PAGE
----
- One of the operatives reportedly behind a so-called false-flag campaign in Alabama appeared to confirm elements of the ruse in 2017 despite denying knowledge of the project in recent reports.
- Democratic operatives’ troll campaign in Alabama took a turn after old tweets reveal one of the groups responsible might have known more than they were letting on.
- Two-year-old comments from one of the operatives responsible for the Alabama misinformation campaign raises questions about his past statements regarding the project
The founder of one of the groups reportedly behind a misinformation campaign during the 2017 Alabama special election appeared to confirm elements of a ruse in a 2017 tweet, despite denying the caper in recent reports.
Jonathon Morgan, the founder of New Knowledge (NK), denied knowledge of his group’s intent to create Twitter accounts posing as Russian bots to torpedo Republican Roy Moore’s senatorial bid. Morgan’s social media history casts doubt on his contentions.
“Russian trolls tracked by #Hamilton68 are taking an interest in the AL Senate race. What a surprise,” Morgan wrote in a Nov. 10, 2017 tweet, which mentioned Hamilton68, a dashboard operated by the Alliance for Securing Democracy.
His tweet came less than a month before NK reportedly created an internal report documenting crucial elements of the campaign. Morgan’s comments also suggests he was speaking about the alleged Russian bots as if they were a matter of fact.
— Jonathon Morgan (@jonathonmorgan) November 10, 2017
NK also provided the Senate Intelligence Committee a report in December 2018 highlighting the extent to which trolls injected themselves into the U.S. political system. The Senate report also claimed Russia specifically targeted black people on social media. Morgan, for his part, has repeatedly argued that Moscow’s meddling places democracy in peril.
The campaign came to light after The New York Times published an exposé on Dec. 19, 2018, showing operatives associated with NK targeted conservative Alabama voters with fake Facebook pages intended to hurt Moore and boost his opponent, Democratic Sen. Doug Jones.
Jones, who barely won that year’s election, has previously expressed a desire to have federal authorities probe the matter.
Project Birmingham, as the campaign came to be known, was a product of activist Mickey Dickerson’s start-up, American Engagement Technologies, or AET. He expressed a desire to fight back against those who he believes attacked former Secretary of State Hillary Clinton, The NYT reported.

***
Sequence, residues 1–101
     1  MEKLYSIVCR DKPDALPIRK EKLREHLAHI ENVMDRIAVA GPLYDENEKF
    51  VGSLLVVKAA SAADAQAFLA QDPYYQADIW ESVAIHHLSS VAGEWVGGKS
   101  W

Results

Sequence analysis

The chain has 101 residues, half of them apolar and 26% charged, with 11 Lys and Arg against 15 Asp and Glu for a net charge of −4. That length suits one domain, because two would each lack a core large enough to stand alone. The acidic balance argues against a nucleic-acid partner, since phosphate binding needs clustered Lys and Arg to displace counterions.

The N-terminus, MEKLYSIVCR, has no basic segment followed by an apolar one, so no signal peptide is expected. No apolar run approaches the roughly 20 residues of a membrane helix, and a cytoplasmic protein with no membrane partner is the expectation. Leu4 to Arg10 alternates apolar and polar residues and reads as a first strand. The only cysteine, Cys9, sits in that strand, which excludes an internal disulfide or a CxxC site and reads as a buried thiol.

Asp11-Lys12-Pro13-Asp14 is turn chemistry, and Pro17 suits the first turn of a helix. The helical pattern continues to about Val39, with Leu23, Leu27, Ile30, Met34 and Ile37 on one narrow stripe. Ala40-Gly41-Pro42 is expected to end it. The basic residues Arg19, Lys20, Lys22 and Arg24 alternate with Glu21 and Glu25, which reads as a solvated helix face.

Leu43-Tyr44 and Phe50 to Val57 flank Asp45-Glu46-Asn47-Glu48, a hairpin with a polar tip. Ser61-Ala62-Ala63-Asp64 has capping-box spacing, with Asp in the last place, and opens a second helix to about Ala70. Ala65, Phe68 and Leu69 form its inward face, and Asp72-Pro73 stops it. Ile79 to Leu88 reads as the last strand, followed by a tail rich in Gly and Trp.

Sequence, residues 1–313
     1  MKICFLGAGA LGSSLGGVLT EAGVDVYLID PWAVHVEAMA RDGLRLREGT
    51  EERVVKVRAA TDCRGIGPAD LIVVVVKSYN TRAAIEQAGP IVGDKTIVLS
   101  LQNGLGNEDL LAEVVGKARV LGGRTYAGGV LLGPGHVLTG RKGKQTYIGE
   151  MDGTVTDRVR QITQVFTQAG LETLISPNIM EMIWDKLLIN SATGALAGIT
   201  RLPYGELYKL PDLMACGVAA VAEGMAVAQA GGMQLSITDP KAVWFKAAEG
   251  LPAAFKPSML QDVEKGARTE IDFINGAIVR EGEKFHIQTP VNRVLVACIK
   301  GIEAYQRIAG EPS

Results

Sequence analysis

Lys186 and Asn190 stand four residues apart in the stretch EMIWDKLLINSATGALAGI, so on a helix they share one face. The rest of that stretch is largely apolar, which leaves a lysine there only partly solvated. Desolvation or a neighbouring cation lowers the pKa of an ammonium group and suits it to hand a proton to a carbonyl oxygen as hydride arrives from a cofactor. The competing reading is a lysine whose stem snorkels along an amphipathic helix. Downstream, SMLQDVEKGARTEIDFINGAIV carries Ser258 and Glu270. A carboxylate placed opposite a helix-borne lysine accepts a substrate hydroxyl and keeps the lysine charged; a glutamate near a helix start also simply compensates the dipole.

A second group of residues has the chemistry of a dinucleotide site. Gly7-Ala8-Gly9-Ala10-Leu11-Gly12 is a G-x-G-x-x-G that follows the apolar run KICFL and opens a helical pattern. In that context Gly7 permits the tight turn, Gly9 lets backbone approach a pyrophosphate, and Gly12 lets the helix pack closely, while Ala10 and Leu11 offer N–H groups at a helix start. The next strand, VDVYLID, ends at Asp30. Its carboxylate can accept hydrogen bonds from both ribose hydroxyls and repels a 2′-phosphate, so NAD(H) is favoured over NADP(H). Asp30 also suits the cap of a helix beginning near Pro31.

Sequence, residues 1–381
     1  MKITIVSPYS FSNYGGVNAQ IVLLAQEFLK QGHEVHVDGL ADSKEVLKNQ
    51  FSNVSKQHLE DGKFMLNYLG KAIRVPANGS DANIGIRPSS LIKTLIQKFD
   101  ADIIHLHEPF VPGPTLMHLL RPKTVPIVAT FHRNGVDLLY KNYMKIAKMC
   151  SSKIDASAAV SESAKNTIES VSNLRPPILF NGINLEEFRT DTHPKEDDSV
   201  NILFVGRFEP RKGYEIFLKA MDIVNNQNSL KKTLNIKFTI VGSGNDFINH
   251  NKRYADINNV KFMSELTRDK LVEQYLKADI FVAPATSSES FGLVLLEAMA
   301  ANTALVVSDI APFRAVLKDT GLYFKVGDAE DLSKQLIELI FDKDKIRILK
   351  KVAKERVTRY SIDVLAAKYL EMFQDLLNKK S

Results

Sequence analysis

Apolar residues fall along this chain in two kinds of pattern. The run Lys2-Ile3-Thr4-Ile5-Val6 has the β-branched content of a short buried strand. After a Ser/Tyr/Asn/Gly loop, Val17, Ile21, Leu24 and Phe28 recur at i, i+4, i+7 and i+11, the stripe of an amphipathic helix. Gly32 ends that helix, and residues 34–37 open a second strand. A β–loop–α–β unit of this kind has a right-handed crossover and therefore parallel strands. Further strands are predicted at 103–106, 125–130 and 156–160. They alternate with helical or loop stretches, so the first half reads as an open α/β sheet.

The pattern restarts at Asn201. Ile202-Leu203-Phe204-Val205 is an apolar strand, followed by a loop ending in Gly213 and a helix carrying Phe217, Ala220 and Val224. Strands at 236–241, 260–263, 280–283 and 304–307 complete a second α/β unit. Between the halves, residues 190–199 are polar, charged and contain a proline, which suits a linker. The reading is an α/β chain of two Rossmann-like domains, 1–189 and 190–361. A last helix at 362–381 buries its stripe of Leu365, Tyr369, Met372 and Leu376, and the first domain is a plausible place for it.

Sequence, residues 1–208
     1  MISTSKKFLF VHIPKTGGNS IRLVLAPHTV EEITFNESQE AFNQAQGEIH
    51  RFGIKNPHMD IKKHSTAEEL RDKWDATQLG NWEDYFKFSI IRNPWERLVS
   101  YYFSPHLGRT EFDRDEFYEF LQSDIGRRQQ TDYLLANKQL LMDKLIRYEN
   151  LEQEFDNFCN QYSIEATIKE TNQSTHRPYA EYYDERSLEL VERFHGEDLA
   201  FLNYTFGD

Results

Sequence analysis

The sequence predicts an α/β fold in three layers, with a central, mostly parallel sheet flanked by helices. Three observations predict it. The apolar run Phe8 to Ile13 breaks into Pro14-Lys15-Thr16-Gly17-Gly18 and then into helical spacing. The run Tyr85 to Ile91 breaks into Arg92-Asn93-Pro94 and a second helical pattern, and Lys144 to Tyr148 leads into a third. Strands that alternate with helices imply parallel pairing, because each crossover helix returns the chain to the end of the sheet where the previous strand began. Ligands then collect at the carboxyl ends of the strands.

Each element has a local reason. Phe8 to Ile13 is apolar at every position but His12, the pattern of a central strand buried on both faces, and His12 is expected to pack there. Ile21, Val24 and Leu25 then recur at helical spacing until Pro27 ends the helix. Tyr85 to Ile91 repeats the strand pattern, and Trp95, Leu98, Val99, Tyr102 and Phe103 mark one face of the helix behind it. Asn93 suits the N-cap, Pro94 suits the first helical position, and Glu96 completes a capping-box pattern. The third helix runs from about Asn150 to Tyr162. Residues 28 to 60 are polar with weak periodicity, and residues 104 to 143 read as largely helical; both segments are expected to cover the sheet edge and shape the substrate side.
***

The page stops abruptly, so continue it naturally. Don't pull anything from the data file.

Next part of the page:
Dickerson, who worked on former President Barack Obama’s 2012 campaign, finally responded to reporters Monday after a prolonged silence. He has not yet provided The Daily Caller News Foundation with a statement explaining Morgan’s role in the project, but the timeline suggests Dickerson discovered the caper after Morgan’s tweet.
“I received the report in early 2018, which is when I first learned about the false flag and write-in tactics,” Dickerson said in a press statement. He also argues that he edited the internal report documenting the project, which lays out in detail the methods and tactics NK employed to place thoughts into the minds of Facebook consumers.
“We orchestrated an elaborate ‘false flag’ operation that planted the idea that the Moore campaign was amplified on social media by a Russian botnet,” NK’s 12-page report notes, according to The NYT. (RELATED: Fusion GPS-Linked Group Worked With Tech Company Tied To Russian ‘False Flag’ Operation)
Morgan has not yet responded to TheDCNF’s request for comment about his knowledge of the project. NK is not the only Democratic group involved in trolling conservative voters.
Operatives created a “Dry Alabama” Facebook page during the election with a blunt message attached: Alcohol is evil and should be prohibited, according to a separate NYT report on Monday. The page included images of car wrecks and ruined families, and its contents targeted business conservatives who are inclined to oppose prohibition.
Two wealthy Virginia donors who wanted to defeat Moore funded the project, according to a person who worked on the project and who spoke on condition of anonymity. Both projects cost $100,000 each and were designed to help Jones and hurt Moore.
Liberal billionaire Reid Hoffman financed both projects. The $100,000 cost was the identical amount Facebook says the Russian Internet Research Agency spent trolling people on social media leading up to the 2016 presidential election.
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